You finally decided to take the plunge and interview elsewhere. You got the offer and you kind of want to try out the new gig, but you’re not sure you want to commit. The grass might be greener… but then again it might not.
You feel like it’s time to move on, but at the same time you wonder what you’ll do if it doesn’t work out.So what can you do to put a safety net in place for when you move on?
Follow these five tips when you quit to find yourself on the business end of an open invitation to come back to your old job:
1. Jump into a pool with your coworkers
The more quality personal relationships you have with your colleagues, the more receptive your employer will be to inviting you back if things don’t work out with your new job.
Not sure how to get “in” with your coworkers without awkwardly inviting yourself to eat lunch with them? Try gambling. Fantasy football and NCAA squares pools for March Madness work best, but you can make bets on anything. The key is to run a pool where you send out weekly updates.
More contact yields stronger relationships that can help keep the “come back home” option open.
2. Give more notice than necessary
Warning: if you haven’t bonded with some of your coworkers, you may want to tread softly on this one. The rule of thumb is to give two weeks notice when you’re ready to move on, but in the two jobs I’ve left, I’ve given more than four weeks notice in each case.
Why? Because I didn’t want to screw over people I had personal relationships with. That sense of loyalty — the pull of wanting to change jobs but not leave the people behind — only exists when personal relationships are in place.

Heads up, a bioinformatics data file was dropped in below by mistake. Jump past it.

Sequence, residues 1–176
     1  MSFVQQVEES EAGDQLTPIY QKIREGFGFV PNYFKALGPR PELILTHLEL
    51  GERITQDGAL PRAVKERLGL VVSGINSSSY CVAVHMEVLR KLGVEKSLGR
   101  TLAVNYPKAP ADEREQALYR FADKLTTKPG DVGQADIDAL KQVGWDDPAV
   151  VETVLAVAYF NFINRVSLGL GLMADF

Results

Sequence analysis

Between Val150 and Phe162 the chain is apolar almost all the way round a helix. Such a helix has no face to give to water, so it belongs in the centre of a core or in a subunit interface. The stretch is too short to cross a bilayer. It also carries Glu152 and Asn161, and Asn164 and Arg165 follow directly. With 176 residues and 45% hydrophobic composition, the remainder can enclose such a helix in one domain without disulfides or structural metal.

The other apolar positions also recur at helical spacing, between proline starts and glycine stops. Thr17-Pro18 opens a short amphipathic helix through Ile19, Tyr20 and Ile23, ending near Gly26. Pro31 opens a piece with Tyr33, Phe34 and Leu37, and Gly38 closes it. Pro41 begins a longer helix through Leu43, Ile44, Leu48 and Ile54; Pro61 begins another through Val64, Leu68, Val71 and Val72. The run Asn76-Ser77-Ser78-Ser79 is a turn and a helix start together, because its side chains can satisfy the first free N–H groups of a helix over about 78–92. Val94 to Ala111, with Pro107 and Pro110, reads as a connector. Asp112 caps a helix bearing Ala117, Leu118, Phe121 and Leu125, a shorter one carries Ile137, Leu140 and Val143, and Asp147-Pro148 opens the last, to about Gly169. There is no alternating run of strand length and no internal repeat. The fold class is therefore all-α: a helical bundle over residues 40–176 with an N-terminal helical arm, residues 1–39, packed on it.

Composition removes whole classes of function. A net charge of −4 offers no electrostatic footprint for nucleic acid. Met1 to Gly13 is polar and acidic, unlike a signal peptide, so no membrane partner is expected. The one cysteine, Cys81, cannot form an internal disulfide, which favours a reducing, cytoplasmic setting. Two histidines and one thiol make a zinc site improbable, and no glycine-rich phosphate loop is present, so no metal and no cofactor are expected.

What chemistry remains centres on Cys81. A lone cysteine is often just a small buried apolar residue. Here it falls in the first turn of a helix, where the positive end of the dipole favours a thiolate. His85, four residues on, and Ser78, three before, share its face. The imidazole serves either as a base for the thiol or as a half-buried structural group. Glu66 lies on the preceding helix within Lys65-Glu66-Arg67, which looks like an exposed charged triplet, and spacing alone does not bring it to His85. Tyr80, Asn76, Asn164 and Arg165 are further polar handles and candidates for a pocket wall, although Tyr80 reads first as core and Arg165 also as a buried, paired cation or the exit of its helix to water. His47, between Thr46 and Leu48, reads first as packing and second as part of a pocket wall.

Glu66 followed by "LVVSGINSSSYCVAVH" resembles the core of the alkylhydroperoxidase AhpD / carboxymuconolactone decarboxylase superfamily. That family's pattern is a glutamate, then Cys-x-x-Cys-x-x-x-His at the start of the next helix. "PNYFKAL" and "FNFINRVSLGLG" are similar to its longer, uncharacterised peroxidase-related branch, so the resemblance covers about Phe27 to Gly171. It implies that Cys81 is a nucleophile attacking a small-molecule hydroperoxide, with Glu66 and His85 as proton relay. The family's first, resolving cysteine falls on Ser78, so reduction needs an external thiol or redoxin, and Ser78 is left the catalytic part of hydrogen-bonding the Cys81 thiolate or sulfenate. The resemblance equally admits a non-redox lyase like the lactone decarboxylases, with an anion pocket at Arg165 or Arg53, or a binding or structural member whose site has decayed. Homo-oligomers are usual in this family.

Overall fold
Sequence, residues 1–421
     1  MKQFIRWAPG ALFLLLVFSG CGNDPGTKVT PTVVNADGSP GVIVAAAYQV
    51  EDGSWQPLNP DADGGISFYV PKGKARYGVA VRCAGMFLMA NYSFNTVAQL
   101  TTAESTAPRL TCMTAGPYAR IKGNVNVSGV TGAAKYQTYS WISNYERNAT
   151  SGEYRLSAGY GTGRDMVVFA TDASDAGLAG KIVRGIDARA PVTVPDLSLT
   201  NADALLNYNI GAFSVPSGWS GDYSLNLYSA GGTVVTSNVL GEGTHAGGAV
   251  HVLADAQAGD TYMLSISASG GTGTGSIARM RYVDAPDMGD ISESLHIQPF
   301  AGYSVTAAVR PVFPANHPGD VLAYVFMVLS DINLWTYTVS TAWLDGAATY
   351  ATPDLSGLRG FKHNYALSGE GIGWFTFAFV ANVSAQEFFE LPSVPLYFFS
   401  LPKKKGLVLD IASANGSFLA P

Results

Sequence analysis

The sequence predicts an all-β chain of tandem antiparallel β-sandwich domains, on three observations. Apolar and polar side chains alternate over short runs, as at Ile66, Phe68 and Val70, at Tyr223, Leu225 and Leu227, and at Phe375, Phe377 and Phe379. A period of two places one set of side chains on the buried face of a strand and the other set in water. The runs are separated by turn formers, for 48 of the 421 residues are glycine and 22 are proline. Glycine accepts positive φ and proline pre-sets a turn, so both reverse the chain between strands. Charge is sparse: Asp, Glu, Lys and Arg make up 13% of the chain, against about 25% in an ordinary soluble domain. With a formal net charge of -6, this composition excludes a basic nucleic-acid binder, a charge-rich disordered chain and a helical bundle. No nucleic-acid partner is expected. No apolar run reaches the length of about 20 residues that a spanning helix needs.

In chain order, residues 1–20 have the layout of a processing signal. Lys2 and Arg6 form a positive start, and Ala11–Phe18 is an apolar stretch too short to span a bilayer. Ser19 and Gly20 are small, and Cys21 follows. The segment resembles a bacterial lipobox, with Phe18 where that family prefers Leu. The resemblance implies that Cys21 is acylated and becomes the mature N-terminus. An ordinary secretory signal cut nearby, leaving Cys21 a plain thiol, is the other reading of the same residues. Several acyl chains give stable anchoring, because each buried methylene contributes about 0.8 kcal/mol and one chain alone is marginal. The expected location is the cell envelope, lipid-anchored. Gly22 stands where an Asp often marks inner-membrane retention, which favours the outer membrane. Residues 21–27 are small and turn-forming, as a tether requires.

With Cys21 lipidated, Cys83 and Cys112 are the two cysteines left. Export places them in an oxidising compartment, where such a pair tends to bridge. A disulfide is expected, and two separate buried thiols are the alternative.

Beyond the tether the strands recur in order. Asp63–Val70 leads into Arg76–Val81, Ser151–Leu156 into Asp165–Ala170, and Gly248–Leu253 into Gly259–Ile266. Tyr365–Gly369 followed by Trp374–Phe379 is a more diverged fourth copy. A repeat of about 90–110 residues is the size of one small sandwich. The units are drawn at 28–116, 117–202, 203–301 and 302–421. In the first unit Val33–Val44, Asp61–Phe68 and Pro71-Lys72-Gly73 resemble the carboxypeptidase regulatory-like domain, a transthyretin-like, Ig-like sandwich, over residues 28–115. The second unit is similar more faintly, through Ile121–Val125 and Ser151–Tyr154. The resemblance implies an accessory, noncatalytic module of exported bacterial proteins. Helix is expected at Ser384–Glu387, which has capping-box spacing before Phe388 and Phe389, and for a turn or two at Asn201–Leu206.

3. Bust your hump until the last day
Do whatever you need to do to resist coasting once you give notice. In fact, you should work harder after you give notice than you have any other time up to that point. Your legacy will only be as good as your last impression.
If the last thing people remember seeing you do is kicking your feet up while spilling crumbs from your farewell cake down the front of your shirt, the door for you to come back will close faster than you can get to the curb.
4. Leave for something your company can’t offer
At least that’s what you should tell them. If your company can’t match what you’re leaving for, it makes the breakup much more bearable for your employer.
Your boss can’t argue with a hefty pay bump, a huge increase in responsibilities or an opportunity to move to a new city. You defuse the chance of your boss viewing you as a turncoat and maintain a clear path for your return if you need it. The strategy of pursuing a new job that offers something your employer can’t provide applies to ALL careers — even when you’re an NBA superstar like Lebron James.
5. Stay in touch after you leave
Of course you’ll do all the usual stuff like sending your personal email and connecting on LinkedIn. But you need to raise the bar to stay connected with people once you leave.
Remember the morale-boosting gambling pools I talked about? You can still stay on the team after you leave your company. Staying involved and trash-talking from afar provides an opportunity to be on top of mind for everyone involved.
You’ll also want to send holiday cards to stay in touch with people. Just as some people swear by handwritten thank you notes, a handwritten card shows you value your relationship enough to put your former colleagues on your short list (even if the list isn’t that short.) They’ll feel special that they are one of the few people you go out of your way to write a note to every year. If you receive holiday cards in return, you’ve played your hand well.
If you can successfully execute all five of these strategies, you should have no problem hearing those magical words “give me a call if it doesn’t work out.” How’s that for job security?
Eric Butts is a Management Consultant and CPA. By day he solves complex business problems for some of the world’s most well-known brands, and by night he teach others how to carve out successful careers in the business world. Follow him @EButtsCPA.
Source: Brazen Careerist